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Pecevski D, Natschl├Ąger T, Schuch K - Front Neuroinform (2009)

Bottom Line: Although its computational core is written in C++, PCSIM's primary interface is implemented in the Python programming language, which is a powerful programming environment and allows the user to easily integrate the neural circuit simulator with data analysis and visualization tools to manage the full neural modeling life cycle.The main focus of this paper is to describe PCSIM's full integration into Python and the benefits thereof.Furthermore, we describe several supplementary PCSIM packages written in pure Python and tailored towards setting up and analyzing neural simulations.

View Article: PubMed Central - PubMed

Affiliation: Institute for Theoretical Computer Science, Graz University of Technology Graz, Austria.

ABSTRACT
The Parallel Circuit SIMulator (PCSIM) is a software package for simulation of neural circuits. It is primarily designed for distributed simulation of large scale networks of spiking point neurons. Although its computational core is written in C++, PCSIM's primary interface is implemented in the Python programming language, which is a powerful programming environment and allows the user to easily integrate the neural circuit simulator with data analysis and visualization tools to manage the full neural modeling life cycle. The main focus of this paper is to describe PCSIM's full integration into Python and the benefits thereof. In particular we will investigate how the automatically generated bidirectional interface and PCSIM's object-oriented modular framework enable the user to adopt a hybrid modeling approach: using and extending PCSIM's functionality either employing pure Python or C++ and thus combining the advantages of both worlds. Furthermore, we describe several supplementary PCSIM packages written in pure Python and tailored towards setting up and analyzing neural simulations.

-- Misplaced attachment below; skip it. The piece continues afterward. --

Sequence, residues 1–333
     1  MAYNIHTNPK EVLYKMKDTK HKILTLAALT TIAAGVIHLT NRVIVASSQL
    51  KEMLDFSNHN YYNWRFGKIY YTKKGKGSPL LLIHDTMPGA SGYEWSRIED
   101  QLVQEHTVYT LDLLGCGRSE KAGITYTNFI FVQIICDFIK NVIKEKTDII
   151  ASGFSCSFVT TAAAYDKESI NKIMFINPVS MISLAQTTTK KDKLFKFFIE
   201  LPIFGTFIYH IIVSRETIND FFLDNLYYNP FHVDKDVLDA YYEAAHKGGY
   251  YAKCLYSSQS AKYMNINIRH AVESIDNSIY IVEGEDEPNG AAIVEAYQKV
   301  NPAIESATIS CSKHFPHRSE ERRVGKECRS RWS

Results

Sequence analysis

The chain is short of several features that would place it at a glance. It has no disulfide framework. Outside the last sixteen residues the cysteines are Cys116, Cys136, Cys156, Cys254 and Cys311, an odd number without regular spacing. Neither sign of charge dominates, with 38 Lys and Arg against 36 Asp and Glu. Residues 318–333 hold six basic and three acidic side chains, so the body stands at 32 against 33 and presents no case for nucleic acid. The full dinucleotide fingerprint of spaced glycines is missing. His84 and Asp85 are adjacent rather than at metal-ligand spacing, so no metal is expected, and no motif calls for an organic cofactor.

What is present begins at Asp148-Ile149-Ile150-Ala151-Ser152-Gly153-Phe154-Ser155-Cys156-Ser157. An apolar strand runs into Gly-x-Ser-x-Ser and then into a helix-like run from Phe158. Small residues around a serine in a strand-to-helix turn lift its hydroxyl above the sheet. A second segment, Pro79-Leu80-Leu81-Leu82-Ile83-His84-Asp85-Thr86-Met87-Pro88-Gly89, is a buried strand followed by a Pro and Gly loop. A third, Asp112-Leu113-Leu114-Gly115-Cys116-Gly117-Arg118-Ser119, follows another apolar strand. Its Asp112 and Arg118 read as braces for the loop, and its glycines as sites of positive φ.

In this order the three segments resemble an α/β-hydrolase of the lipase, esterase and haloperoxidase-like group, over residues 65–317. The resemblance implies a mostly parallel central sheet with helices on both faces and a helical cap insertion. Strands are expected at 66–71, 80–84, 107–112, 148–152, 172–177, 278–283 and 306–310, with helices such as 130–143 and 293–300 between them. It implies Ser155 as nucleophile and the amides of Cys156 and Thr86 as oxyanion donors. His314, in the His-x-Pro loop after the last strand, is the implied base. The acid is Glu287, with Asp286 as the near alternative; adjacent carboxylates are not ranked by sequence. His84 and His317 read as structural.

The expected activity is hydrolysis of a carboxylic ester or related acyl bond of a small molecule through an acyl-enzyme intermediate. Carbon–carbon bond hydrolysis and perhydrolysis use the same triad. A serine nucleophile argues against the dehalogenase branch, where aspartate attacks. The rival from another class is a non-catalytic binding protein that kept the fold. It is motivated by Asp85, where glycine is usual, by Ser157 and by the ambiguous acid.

No MeSH data available.


The processing steps in the generation of the Python interface for PCSIM.
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Figure 3: The processing steps in the generation of the Python interface for PCSIM.

Mentions: However, using Boost.Python without any additional tools does not lead to a solution where the interface can be generated in an automatic fashion since for each new class added to the library's API one would have to write a substantial piece of Boost.Python code. As automatic Python wrapping of the C++ interface is one of the main prerequisites for leveraging a hybrid modeling approach, a solution is needed to automatically synchronize the Python and C++ API of a library like libpcsim. Fortunately, there exists the Py++ package7 which was developed to alleviate the repetitive process of writing and maintaining Boost.Python code. Py++ by itself is an object-oriented framework for creating custom Boost.Python code generators for an application library written in C++. It builds on GCC-XML8, a C++ parser based on the GCC compiler that outputs an XML representation of the C++ code. Py++ uses this structured information together with some user input, in form of a Python program, and produces the necessary Boost.Python code, constituting the Python interface for a specified set of C++ classes and functions (see Figure 3).


[Not Available].